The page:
Syrian troops are seen planting mines along a region bordering northern Lebanon in a bid to stem weapons smuggling.
Syrians mine Lebanese border to halt weapons smuggling
TRIPOLI, Lebanon // Syrian troops were seen planting mines along a region bordering northern Lebanon yesterday in a bid to stem weapons smuggling, a local Lebanese official told Agence France-Presse.
Speaking on condition of anonymity, he said the troops began planting the mines at dawn in an area facing two Lebanese villages - Knaysseh and Al Hnayder.
"Lebanese officials told us the Syrians undertook the measure to prevent weapons smuggling," he said. "A number of Syrian soldiers were also seen deploying on their side of the border, near the Syrian villages of Heet and Buwayt," he added. The Lebanese official's account could not be independently verified.
Tension in the region has mounted since the revolt against Syrian President Bashar Al Assad's regime erupted in March and about 5,000 Syrians, among them defecting soldiers and opposition activists, have sought refuge in Lebanon.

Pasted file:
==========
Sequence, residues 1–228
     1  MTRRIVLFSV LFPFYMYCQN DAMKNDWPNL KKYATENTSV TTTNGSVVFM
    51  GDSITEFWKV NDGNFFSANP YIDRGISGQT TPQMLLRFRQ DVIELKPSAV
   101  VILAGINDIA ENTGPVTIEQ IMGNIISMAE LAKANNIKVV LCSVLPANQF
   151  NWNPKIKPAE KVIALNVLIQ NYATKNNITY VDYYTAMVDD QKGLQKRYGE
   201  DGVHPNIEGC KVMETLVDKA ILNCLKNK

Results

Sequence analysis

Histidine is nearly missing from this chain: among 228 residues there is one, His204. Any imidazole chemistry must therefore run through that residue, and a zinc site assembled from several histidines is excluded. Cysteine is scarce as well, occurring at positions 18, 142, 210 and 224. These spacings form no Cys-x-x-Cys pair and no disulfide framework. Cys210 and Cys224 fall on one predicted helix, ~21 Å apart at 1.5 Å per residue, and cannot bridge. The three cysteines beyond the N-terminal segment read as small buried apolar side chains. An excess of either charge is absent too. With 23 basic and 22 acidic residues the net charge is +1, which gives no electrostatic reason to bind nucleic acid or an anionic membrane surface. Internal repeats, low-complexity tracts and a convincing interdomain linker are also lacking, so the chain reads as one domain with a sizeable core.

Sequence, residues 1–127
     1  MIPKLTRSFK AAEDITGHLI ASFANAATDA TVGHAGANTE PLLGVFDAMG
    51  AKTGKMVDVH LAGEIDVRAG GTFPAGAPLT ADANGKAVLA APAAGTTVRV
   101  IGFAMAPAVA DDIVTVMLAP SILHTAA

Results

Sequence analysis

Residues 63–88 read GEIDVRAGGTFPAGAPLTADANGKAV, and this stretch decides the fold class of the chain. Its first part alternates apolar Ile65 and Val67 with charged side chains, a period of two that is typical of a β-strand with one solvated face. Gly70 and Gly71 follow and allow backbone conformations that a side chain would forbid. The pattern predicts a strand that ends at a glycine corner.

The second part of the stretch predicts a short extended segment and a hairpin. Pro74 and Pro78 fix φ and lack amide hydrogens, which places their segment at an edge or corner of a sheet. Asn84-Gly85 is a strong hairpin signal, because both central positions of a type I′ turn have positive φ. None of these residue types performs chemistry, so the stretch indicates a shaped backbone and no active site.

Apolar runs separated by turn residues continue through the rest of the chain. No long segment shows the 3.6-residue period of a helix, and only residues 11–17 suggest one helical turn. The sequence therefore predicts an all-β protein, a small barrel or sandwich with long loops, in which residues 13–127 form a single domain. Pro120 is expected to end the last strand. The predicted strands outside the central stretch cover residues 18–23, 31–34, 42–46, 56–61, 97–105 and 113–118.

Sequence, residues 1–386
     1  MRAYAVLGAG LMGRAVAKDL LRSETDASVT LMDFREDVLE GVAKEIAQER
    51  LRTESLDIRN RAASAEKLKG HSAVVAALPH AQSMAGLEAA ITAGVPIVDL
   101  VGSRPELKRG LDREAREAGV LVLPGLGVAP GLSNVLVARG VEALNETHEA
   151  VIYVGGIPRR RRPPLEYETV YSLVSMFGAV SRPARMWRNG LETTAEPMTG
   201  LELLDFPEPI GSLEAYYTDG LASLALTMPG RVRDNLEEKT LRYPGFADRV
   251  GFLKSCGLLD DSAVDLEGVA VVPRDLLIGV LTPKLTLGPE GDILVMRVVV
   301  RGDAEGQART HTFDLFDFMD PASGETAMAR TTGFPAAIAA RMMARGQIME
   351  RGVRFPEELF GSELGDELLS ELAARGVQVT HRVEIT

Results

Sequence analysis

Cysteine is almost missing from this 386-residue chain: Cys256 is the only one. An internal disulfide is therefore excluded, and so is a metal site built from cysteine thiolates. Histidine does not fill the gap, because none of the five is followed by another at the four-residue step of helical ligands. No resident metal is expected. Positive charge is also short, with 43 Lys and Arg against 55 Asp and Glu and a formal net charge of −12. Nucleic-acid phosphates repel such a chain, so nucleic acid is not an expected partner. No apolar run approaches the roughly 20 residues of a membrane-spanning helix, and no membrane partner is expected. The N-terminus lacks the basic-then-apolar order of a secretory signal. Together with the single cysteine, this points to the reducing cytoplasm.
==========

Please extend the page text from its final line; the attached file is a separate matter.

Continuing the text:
Yesterday thousands of Syrians held a rally in support of Mr Al Assad, but the regime's crackdown on dissent continued in opposition areas as security forces killed at least four people, including a teenager, activists said.
The United Nations estimates that the crackdown on protests has killed 3,000 people.
On Wednesday, an Arab committee held talks with Mr Al Assad over ways to end the crisis, which began in mid-March.
The Arab committee is trying to start talks between Mr Al Assad's government and its opponents, but protest leaders reject any dialogue with the regime while it continues its brutal crackdown.
The meeting in Damascus between the Arab ministerial committee and Mr Al Assad came hours after tens of thousands of Syrians packed a square in the Syrian capital, chanting, "the people want Bashar Assad." Mr Al Assad succeeded his father, and together the family has ruled Syria for more than 40 years.
The Qatari prime minister, Sheikh Hamad Bin Jassem Bin Jabr Al Thani, who heads the Arab committee, was quoted by state television as saying that the Arab delegation felt that the Syrian government is eager to work to reach a solution.
Sheikh Hamad told reporters that the Arab committee and the Syrian government will hold another meeting on Sunday either in Syria or in Qatar.
"What is important for us is that there are no victims from any side in Syria," Sheik Hamad told reporters. "The fighting should stop and the dialogue should begin between the Syrian brothers so that, God willing, they agree on points that fulfil people demands."
* Associated Press and Agence France-Presse